Contextualizing the STABLE Act

In the summer of 2019, Mark Zuckerberg testified before the U.S. House of Representatives, facing nearly-unanimous and atypically bipartisan criticism from legislators related to Facebook’s leading role in the development of the Libra stablecoin. The Libra network and digital asset—whose credentials as a blockchain and cryptoasset, respectively, have been perhaps appropriately criticized—were intended to facilitate the transfer of a low-volatility quasi-stablecoin, pegged to a basket of fiat currencies and government securities. Remarks made throughout the inquiry made clear lawmakers’ stance: a private, unregulated technology company should not have the power over the U.S. economy and banking system that control of a stablecoin such as Libra would confer. In the more than a year since this testimony, there have been upwards of thirty pieces of legislation proposed that would, in some capacity, regulate the digital asset market and its servicers. However, until the proposition of the Stablecoin Tethering and Bank Licensing Enforcement (STABLE) Act by Rep. Rashida Tlaib (D – Michigan) this month, none have so innately embodied the aforementioned sentiment. This dispatch overviews the STABLE Act and, building on commentary from Coin Center, the unintended consequences it may have.

The STABLE Act differentiates itself from similarly proposed cryptoasset regulatory legislation by uniquely focusing specifically on the systemic risks to the U.S. financial system posed by collateralized stablecoins, rather than entirely crypto-native digital assets such as Bitcoin. According to a summary of the bill released by its sponsors, the bill intends to “protect consumers from the risks posed by emerging digital payment instruments…by regulating their issuance and related commercial activities.” In practice, this translates to the implementation of three core regulatory barriers to stablecoin issuance and servicing:

  • Stablecoin issuers and service providers must comply with all regulatory requirements placed on banks both federally and in the jurisdictions in which they operate. Stablecoin issuers, specifically, must obtain a federal bank charter.
  • Stablecoin issuers must obtain approval at least six months prior to issuance from the Federal Reserve, FDIC, and other relevant authorities. Issuers must also “maintain an ongoing analysis of potential systemic impacts and risks.”
  • Stablecoin issuers must obtain FDIC insurance on the fiat deposits collateralized the stablecoin or make deposits directly to the Federal Reserve in order to “ensure that all stablecoins can be readily converted into United States dollars, on demand.”

Perhaps the most obvious consequence of this bill is the effective exclusion of large technology companies, such as Facebook, from entering or otherwise participating in the banking sector via the issuance of stablecoins. Despite an insistence that the proposed legislation would “not to let Wall Street and Silicon Valley own the future of digital payments,” the requirements put forth disproportionately target the latter, as most of the larger traditional financial institutions comprising ‘Wall Street’ already meet or are more easily positioned to meet these criteria. Further, the bill’s vague definition of ‘stablecoin’ leaves open the possibility for any issuers’ dollar-denominated liabilities, including payment processors that maintain user balances such as Paypal, to be regulated in the above manner should authorities choose to do so. Extending beyond Big Tech, the legislation would also exclude relatively smaller, emerging financial technology firms, such as Tether and Circle, from issuing stablecoins.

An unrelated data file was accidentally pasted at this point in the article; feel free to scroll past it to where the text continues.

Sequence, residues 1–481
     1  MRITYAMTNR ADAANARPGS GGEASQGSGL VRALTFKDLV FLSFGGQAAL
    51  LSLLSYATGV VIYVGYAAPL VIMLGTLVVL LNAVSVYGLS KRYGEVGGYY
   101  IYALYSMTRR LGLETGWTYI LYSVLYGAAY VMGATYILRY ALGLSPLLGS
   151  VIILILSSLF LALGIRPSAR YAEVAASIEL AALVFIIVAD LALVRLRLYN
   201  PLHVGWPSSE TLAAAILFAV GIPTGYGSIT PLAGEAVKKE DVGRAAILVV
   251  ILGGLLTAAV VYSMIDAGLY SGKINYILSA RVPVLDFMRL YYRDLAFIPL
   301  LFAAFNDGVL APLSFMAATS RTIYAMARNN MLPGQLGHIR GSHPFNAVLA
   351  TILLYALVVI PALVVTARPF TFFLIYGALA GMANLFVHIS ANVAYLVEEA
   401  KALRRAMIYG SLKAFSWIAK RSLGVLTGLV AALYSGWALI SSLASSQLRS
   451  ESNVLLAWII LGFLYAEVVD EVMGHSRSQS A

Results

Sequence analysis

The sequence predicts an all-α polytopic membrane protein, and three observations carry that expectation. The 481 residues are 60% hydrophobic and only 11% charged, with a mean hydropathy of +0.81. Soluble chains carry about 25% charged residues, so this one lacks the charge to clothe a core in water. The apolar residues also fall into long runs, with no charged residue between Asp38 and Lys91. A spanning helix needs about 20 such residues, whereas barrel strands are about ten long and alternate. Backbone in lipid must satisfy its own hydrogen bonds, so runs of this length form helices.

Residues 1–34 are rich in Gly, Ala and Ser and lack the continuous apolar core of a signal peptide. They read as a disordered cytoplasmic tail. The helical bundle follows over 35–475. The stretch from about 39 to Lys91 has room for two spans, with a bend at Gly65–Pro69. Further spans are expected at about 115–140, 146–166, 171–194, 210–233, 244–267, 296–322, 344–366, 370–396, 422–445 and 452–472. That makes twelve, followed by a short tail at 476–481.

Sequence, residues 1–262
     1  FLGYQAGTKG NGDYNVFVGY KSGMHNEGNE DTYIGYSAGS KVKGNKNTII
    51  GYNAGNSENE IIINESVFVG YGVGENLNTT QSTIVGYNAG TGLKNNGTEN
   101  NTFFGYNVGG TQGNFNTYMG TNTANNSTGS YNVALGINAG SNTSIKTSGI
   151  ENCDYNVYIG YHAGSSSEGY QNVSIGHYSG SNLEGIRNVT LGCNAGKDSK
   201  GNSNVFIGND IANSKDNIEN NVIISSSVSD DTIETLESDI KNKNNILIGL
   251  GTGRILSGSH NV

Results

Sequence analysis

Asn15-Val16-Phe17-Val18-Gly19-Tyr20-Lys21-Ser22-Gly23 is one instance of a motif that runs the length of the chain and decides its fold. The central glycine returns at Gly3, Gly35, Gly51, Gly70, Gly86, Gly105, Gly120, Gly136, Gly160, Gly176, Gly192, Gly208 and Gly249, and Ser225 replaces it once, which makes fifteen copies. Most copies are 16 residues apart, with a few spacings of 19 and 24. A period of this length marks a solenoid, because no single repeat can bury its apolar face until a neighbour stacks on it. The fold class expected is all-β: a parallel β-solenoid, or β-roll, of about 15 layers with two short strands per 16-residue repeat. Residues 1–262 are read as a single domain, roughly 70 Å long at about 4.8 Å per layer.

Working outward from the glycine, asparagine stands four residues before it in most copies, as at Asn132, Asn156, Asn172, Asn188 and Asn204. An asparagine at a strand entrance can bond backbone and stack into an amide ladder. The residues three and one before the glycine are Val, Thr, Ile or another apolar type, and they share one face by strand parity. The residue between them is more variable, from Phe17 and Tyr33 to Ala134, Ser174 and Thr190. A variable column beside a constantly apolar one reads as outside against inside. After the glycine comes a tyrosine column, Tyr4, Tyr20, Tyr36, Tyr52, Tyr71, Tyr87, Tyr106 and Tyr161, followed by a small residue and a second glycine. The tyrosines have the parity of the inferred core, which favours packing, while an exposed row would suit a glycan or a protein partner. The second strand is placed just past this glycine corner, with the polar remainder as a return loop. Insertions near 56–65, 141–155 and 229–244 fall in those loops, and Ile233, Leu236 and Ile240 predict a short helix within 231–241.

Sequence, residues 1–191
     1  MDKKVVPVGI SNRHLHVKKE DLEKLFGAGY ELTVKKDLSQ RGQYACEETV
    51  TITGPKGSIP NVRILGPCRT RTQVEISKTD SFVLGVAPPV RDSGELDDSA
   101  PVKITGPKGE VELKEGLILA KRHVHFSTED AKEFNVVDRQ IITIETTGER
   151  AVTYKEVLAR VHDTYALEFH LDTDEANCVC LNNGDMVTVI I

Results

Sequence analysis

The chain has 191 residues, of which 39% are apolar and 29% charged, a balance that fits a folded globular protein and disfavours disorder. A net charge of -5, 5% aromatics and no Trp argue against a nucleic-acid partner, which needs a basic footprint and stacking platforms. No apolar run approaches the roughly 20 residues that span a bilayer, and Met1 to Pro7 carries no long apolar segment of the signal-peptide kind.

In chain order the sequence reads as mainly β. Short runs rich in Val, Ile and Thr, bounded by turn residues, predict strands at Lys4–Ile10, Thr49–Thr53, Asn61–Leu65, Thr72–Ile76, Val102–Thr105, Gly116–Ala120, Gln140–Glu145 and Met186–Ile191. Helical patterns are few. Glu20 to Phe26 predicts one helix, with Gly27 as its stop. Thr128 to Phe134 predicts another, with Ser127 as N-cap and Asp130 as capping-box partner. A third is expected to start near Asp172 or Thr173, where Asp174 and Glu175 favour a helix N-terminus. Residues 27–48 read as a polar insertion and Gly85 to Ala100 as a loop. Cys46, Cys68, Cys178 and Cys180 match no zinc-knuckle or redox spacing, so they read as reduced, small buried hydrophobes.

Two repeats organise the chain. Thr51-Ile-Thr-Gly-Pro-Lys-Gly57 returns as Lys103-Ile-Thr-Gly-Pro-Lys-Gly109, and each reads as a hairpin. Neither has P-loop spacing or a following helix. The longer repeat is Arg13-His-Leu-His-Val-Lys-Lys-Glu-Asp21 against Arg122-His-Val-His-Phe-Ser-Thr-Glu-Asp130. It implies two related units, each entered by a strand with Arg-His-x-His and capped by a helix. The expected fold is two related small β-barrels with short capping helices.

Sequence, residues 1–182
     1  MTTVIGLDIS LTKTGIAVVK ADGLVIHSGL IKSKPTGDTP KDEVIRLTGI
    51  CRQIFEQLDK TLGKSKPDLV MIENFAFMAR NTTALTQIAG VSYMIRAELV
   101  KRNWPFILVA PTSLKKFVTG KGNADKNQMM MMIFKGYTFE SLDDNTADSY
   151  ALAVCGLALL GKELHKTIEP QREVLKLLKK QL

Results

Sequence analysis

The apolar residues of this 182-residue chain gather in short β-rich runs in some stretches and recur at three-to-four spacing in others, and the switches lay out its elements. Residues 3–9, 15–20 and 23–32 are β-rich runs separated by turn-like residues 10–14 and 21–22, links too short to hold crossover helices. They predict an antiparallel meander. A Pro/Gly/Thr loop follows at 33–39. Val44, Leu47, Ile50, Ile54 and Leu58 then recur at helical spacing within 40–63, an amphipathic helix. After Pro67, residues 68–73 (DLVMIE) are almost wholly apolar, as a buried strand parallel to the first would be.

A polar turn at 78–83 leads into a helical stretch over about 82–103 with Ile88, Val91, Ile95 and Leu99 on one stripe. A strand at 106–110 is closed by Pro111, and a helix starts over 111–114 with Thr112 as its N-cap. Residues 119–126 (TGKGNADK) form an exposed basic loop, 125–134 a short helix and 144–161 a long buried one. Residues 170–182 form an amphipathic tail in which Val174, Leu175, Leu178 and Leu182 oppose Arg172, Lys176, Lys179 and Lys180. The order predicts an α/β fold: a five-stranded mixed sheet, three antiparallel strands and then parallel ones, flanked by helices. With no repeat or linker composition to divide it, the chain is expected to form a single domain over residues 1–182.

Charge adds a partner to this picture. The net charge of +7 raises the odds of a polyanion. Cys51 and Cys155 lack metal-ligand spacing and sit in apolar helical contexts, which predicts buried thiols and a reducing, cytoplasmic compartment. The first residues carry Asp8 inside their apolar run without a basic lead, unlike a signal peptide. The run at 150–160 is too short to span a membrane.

While the bill’s insistence on only highly-regulated entities being able to issue and service centralized, custodial stablecoins is clear, its intent towards and impact on decentralized, collateralized stablecoins is worthy of further scrutiny. Namely, as stablecoin issuers and service providers who fail to comply with the above regulations would presumably face legal consequences, one should question how distributed actors participating in stablecoin minting and transacting would be dealt with. For example, MakerDAO’s Dai stablecoin, which boasts a market capitalization of over $1 billion, targets a USD-peg and is collateralized by cryptoassets held trustlessly in smart contracts, meaning that users’ collateralizing assets are most directly managed by those executing the smart contracts’ code: Ethereum miners. Under the STABLE Act, any miner operating on a smart contract platform that hosts decentralized stablecoins could theoretically be punished for facilitating the minting and servicing of unregistered stablecoins. (MakerDAO developers merely publishing and not themselves executing smart contract code appear to remain protected under the First Amendment, making miners most directly liable). This poses an existential threat not only to assets such as Dai, but also to major blockchain networks such as Ethereum.

Though the STABLE Act has been drafted such that it has garnered significant backlash from the blockchain community, the arguments in favor of increased regulation and oversight of collateralized stablecoins should not be ignored. One need not look further than the 2019 Tether scandal, in which its affiliate Bitfinex allegedly misappropriated $850 million of Tether’s reserves to compensate for its own losses, which resulted in a class-action lawsuit and ongoing investigation by the New York Attorney General’s office, to see the need for increased transparency and oversight of stablecoin issuance. Ultimately, more focused and informed legislation, with an emphasis on regulation of activity rather than targeting of specific entities, would be well applied to the emerging stablecoin sector.